Gandhi: Special Edition


Just how smug would you be if a movie you spent two decades trying to get made, that required a cast of 400,000 extras (Gandhi’s funeral still holds the record for the largest crowd scene) and that you raised the cash for from scratch and went on to become one of the most critically and commercially successful epics of all time? More smug than Richard Attenborough, probably. “ET was a better piece of cinema,” he shrugs in his best old- man-in-a Werther’s-ad fashion – before going on to describe how Gandhi thrashed Spielberg’s flick at the Oscars. It didn’t deserve to, but its sheer scope and ambition – following the spiritual leader as he liberates India – means it remains a yardstick by which other epics must be measured.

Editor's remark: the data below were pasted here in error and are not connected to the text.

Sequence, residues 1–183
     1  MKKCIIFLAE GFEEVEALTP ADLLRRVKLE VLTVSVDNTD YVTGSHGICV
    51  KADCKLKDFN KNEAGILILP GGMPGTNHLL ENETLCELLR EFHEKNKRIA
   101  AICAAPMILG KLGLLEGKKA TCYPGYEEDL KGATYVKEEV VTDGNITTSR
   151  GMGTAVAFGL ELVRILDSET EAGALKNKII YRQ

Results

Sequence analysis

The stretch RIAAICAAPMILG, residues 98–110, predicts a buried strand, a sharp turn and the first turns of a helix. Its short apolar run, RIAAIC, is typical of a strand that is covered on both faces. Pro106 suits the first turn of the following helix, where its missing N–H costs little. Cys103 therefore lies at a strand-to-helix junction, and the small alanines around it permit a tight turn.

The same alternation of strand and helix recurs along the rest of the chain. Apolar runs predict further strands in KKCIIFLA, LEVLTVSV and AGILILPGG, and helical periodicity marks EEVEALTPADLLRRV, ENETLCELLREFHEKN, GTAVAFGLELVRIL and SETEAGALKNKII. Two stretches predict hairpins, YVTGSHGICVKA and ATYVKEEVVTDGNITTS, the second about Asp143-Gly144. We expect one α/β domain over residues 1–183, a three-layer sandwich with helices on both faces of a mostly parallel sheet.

Lord Dickie is the major presence on this two-discer. He provides not only a candid, modest commentary, but also does an intro and crops up in most of the featurettes and interviews. There are few revelations, but he ties together a neat and informative package. If there’s a faultline running through it all, it’s that there’s not quite as much of Kingsley as you’d hope.

Sir Ben may more convincingly inhabit the younger Gandhi than the older mystic, but he still gives a belter of a performance. So you’d expect them to have at least tracked him down for this Special Edition. As it is, his input is limited to an interview from 2000. It’s lengthy and anecdote-heavy, but still doesn’t feel like quite enough somehow.


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